Thankyou for all your comments over the last few weeks. After a while to digest our later discussions, I've pushed a version 3 of the API for another round of review. This time (in anticipation of some implementation code!) I've both the javadoc up, but also pushed the source code of the api to the repository.
APIdoc bundle: http://java.net/projects/websocket-spec/downloads/directory/Spec%20javadoc%20Drafts/v003
Below is a summary of the larger things that changed this round. As usual, please do take a close look at this API and let me know your review comments.
Summary of Changes from V002
* Streaming API - this versions adds the whole message callbacks, a blocking stream api and the async api that we seemed to favor. I think this best represents the discussion on the options I laid out, even though it was not conclusive. I'd like to get some implementation experience against this API before we finalize it - especially in terms of how to build the blocking API on top of an asynchronous infrastructure because of some of the doubts raised.
* Pings and Pongs - This version includes the means to send a Ping, listen for Pongs and also send a Pong. I've added a note to include a section in the spec that defines that the implementation
must respond to an incoming Ping with a Pong containing the same data. I can't see any other variables in or policies to apply ton this mechanism after reading sections 5.5.2 and 5.5.3 in the web socket RFC.
* Extensions - This version includes a definition of extensions in the API v3 based a previous discussion. The basic idea is that an extension has a name, a parameter Map and the ability to insert filter like frame-handlers 'underneath' an endpoint. Extensions receieve the frames formulated before them in the implementation and can modify/coalesce/multiply them as they pass them onto the next extension in the chain or back to the implementation - both for outgoing messages and incoming messages. I'm aiming to establish a concept here in the API; I'm expecting lots of feedback on this, especially from those of you who have got into websocket framing and extensions in detail, especially in the area of how to stream data into/out of the data frames.
* Handshake and URI matching
This version reworks handshake API for a number of factors: to encapsulate extension negotiation, expose the http handshake request attributes that we listed out, and allow for http handshake response modification. Please take a look in particular at ServerConfiguration and DefaultServerConfiguration. Its awkward that we do not have readymade HttpRequest, HttpResponse and HttpHeader interfaces in the JDK to reuse to model this, so this version of the api provides homegrown ones.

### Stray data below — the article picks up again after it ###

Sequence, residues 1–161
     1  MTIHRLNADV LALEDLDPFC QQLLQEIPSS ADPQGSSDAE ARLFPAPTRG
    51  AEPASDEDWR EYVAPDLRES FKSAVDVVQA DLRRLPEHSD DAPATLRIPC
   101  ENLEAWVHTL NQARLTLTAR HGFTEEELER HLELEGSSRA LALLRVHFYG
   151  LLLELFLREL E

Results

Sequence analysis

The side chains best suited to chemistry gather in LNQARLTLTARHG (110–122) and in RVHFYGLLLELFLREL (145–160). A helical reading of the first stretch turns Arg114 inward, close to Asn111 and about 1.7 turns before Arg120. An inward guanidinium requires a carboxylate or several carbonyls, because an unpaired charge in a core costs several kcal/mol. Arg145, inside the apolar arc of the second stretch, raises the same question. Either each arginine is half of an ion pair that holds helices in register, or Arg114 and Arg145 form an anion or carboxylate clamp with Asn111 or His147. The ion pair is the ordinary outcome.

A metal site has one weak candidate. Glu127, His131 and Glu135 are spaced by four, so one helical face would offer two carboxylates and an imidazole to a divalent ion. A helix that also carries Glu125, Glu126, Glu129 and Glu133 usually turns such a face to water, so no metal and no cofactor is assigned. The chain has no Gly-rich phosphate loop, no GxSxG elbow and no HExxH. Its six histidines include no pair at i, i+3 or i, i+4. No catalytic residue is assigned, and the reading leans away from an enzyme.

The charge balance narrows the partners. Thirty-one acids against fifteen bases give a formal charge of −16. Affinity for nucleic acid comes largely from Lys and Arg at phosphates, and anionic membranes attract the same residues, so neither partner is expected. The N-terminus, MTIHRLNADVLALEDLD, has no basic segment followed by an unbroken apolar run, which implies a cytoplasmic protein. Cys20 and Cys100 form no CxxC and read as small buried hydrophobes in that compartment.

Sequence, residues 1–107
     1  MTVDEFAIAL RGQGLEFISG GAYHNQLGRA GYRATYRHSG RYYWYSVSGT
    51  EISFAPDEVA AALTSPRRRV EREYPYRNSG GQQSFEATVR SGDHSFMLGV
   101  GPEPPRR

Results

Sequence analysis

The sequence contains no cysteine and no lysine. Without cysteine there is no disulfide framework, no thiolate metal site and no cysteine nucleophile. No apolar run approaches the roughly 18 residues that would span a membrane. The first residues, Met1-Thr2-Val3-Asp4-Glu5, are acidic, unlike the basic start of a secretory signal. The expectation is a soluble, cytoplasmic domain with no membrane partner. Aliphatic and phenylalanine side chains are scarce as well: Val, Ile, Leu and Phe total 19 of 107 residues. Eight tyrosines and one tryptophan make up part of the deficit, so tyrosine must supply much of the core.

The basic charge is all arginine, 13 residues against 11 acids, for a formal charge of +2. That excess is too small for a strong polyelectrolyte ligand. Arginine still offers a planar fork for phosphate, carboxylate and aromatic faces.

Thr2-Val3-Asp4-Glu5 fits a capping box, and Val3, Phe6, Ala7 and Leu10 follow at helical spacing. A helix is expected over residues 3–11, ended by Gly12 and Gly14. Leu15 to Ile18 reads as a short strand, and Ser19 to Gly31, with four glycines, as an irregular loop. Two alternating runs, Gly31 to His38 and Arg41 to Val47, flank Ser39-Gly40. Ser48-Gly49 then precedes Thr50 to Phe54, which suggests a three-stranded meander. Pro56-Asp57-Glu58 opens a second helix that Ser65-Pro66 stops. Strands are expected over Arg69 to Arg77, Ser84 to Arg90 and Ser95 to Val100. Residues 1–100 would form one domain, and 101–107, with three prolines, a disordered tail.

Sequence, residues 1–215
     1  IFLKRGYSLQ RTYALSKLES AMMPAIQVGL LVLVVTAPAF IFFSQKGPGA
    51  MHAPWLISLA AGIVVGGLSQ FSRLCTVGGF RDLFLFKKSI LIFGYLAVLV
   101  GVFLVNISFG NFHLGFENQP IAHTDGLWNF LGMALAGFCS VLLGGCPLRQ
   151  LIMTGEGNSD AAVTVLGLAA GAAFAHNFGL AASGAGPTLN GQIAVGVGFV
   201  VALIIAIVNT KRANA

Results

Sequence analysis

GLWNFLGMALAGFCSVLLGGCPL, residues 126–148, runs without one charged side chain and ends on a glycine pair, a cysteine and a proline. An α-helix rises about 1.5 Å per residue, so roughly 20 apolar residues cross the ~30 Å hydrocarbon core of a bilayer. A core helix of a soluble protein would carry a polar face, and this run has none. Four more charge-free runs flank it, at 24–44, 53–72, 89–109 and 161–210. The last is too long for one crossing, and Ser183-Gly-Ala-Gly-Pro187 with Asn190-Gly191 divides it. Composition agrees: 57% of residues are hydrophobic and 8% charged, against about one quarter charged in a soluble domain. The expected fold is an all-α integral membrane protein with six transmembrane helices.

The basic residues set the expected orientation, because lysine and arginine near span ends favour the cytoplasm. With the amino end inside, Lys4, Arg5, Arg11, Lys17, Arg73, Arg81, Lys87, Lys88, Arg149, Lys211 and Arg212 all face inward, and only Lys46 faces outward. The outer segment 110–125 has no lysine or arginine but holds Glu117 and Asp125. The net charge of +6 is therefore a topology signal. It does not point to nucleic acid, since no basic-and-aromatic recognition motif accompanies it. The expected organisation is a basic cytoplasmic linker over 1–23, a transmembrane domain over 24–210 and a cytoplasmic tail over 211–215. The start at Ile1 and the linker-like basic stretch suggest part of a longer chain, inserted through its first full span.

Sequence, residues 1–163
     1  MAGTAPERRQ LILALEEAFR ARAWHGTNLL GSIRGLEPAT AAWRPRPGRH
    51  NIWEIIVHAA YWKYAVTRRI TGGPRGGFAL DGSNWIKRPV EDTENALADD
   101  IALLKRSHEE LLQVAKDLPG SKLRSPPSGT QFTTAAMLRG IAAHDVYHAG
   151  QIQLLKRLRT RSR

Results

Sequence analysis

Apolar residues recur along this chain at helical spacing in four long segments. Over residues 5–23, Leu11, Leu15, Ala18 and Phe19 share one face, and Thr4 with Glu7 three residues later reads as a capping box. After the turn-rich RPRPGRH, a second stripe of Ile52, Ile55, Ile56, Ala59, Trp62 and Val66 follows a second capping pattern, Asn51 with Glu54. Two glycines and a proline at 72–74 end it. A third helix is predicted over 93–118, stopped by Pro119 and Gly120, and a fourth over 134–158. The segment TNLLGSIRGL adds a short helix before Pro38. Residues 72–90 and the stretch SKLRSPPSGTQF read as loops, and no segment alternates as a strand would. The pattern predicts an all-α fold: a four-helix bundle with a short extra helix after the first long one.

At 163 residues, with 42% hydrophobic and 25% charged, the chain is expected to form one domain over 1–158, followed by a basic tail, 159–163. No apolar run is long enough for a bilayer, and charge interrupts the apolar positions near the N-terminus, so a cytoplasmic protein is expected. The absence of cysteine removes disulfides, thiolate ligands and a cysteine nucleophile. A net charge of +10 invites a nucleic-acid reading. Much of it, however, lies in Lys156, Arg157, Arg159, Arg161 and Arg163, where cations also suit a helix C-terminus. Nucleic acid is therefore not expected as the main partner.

This version also includes the means, by allowing developers to create their own ServerConfigurations to allow for custom/dynamic URI matching policies other than exact match. I expect we'll want to provide some ready made matching policies, like pattern matching for example, in addition.
* Servlets and cross cutting concerns.
There was a bit of discussion about how this relates to servlets: could these components handle both http and websocket interactions ?
So, here's how I'm seeing it, in terms of the scope of this JSR: this API is focussed mainly on allowing developers to write code that deals with web socket messages and providing the environment for that. The relationship with servlets would be therefore as follows:-
1) Using servlets and/or servlet filters could be a great way of implementing the server side of the websocket handshake and granting the right access to the process. (but is outside the scope of this spec to define how).
2) We hope to build on the new Servlet 3.1 upgrade mechanism in the Oracle RI for websocket. But no-one else has to do so if they do not want to.
3) If developers want to write web applications that have both servlets and websocket components, they absolutely can. They can use the HttpSession and ServletContext (or EJBs !) to share data between the two.
4) And in fact, the new Servlet 3.1 mechanism allows developers create a servlet that handle both regular Http requests and websocket handshake requests, as I thin Joe you had laid out.
I realize this doesn't explain some of other issues raised, like how authentication/authorization will work for websockets and how HttpSession relates to websocket sessions, but I do hope to get to those soon.
[jsr356-experts] V003 API for your review